Eager to chase down Cyber Monday deals, or just doing some online shopping before Christmas week arrives?
Here are some tips that some shopping gurus and consumer experts say you might want to consider. They might help you find a good deal, protect you from an unhappy experience, or just streamline your search.
1. Plug into your favorite stores. One route to bargains is getting connected directly to your favorite retailers. Big retailers typically offer email newsletters or Twitter alerts about special promotions. It's also easy to simply log into the website: At L.L. Bean's home page, for example, you'll see a link to "sale" items right near the top.
2. Let the web deliver deals. Expand your deal-finding power by using websites like Dealio.com, where you can search for promotions across a galaxy of stores. Dealio lets you tap into online coupons for products and categories.
RetailMeNot.com can also help you search for coupon codes that will cut the cost of online purchases. Other sites for comparing prices across the web include pricegrabber.com and shopping.com. The comparisons will often show how much shipping costs, or if it's free. Finally, CyberMonday.com is a retail site that pulls together lots of the latest deals.
3. Take the web with you to the mall. For smartphone users, a burgeoning array of apps aim to integrate the power of the Internet with "being there" in a store, where you can see and touch some products in real life.
A mobile application from thefind.com lets people scan the barcode of an item with their phone, and then the phone will come back with a list of nearby stores and their prices for the same item. A similar app is available from ShopSavvy.com, among others. Coupon Sherpa has an app (for iPhone users) that snags relevant online coupons while you shop at a store.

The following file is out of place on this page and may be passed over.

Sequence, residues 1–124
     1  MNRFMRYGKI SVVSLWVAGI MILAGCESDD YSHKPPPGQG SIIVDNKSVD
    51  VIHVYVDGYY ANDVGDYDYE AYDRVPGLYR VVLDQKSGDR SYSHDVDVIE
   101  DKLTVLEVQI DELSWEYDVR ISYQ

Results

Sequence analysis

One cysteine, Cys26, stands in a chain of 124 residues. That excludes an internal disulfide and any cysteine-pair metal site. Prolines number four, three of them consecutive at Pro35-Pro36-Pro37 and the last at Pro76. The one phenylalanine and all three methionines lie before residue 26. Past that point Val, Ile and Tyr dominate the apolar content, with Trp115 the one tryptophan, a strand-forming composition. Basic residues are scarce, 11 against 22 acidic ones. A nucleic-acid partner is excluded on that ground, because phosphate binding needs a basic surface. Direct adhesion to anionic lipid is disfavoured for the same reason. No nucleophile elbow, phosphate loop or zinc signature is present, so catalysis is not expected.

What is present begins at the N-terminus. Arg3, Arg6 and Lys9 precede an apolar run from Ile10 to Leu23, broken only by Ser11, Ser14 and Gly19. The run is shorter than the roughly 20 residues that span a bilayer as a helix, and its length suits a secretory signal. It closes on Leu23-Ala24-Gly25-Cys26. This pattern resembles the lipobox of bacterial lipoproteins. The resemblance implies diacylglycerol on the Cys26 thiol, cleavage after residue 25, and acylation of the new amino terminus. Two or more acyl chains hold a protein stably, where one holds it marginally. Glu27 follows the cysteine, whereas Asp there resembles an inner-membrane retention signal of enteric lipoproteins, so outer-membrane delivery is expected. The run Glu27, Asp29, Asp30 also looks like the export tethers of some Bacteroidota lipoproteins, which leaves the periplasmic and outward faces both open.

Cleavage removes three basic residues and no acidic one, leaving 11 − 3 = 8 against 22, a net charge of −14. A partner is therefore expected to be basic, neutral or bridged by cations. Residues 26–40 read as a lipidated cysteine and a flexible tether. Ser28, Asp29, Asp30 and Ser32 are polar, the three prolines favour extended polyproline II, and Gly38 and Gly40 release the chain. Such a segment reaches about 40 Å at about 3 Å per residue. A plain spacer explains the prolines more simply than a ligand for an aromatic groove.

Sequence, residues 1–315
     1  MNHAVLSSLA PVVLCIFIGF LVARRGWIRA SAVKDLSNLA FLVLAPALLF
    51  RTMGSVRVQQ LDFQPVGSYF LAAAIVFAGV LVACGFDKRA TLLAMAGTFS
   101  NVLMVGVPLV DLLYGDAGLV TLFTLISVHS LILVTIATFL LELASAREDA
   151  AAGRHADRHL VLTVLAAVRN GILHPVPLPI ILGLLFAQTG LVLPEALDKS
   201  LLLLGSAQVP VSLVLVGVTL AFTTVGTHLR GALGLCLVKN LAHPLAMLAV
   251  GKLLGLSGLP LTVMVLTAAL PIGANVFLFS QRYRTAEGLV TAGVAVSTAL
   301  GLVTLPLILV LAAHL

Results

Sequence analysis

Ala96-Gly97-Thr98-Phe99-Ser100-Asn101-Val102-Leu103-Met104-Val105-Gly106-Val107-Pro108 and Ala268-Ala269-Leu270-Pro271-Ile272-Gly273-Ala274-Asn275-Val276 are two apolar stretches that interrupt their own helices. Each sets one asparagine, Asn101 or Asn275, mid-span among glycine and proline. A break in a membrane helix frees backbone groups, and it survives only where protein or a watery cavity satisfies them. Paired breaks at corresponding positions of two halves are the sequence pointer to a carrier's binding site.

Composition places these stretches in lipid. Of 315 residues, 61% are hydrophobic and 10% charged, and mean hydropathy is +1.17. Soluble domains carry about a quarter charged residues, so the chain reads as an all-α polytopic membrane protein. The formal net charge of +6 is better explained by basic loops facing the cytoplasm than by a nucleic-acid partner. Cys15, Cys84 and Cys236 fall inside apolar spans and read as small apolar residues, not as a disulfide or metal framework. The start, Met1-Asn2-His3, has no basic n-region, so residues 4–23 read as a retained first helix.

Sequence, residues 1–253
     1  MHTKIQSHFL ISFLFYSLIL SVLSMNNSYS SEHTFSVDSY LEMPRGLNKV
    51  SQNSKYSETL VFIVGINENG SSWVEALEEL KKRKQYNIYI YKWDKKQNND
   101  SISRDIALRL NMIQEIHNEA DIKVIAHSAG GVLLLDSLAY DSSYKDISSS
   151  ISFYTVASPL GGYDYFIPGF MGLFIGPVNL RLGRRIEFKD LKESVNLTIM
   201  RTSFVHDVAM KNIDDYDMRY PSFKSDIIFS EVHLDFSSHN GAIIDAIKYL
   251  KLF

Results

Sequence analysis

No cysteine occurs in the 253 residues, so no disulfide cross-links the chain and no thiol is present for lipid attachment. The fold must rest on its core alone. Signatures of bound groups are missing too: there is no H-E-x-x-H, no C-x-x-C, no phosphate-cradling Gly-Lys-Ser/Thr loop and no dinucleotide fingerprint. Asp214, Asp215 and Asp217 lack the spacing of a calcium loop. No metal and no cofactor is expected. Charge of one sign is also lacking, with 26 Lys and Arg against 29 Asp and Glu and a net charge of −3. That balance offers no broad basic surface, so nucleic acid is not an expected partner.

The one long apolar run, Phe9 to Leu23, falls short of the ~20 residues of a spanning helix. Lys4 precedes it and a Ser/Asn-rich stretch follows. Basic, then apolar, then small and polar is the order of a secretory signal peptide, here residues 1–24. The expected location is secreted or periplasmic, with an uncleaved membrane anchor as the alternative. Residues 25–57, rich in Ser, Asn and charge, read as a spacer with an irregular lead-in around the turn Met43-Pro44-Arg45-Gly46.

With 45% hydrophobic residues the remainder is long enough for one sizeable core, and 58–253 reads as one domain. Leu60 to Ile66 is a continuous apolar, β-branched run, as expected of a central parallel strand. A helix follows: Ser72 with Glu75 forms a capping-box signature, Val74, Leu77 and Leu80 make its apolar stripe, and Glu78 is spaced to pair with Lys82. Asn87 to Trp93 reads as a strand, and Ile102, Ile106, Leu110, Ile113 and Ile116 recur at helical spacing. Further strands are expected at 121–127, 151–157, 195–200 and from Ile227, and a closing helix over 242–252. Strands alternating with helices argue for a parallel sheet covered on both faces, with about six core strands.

4. Reap something extra. Sites including FatWallet.com add an additional perk: Beyond whatever bargains you find, you can earn cash-back rewards that will help pay for future purchases.
Another option: Buy through an affinity site and you'll be helping some other organization each time you make a purchase. At iGive.com you can pick a charity to be benefited by your shopping. An alternative is to start your shopping tour – Warning: self-promotion here – at CSMonitorMall.com, which results in revenue for this nonprofit news organization at no cost to the shopper.
5. Avoid scams and disappointments. The Better Business Bureau warns that offers on websites or in unsolicited e-mails that sound too good to be true may be scams. And even legitimate sites typically have weaker consumer protections for online shoppers than they do for the clientele in their bricks-and-mortar stores.
A feature in Consumer Reports' November "MoneyAdviser" newsletter notes that common "gotchas" include no-return policies or hefty restocking fees if you send an item back. So, before making a purchase, you might want to look for a company's customer agreement and give it a read, or check for possible trouble by seeing what comes up in a web search with the retailer's name plus "rip-off" or "complaints," the newsletter recommends.
6. Track the shipping time. Many retailers pledge delivery by Dec. 25 if you buy by a certain date. And federal regulations generally require shipment within 30 days of an order. The Consumer Reports MoneyAdviser says merchants must get the customer's permission to delay shipment (they can notify you of a new shipping date, and can interpret a nonresponse from you as permission).
7. Select your payment option wisely. Credit cards offer better consumer protection than debit cards, such as the ability to withhold payment for a purchase that's in dispute. Another option is the Paypal system, which can help consumers avoid typing credit-card information into so many websites.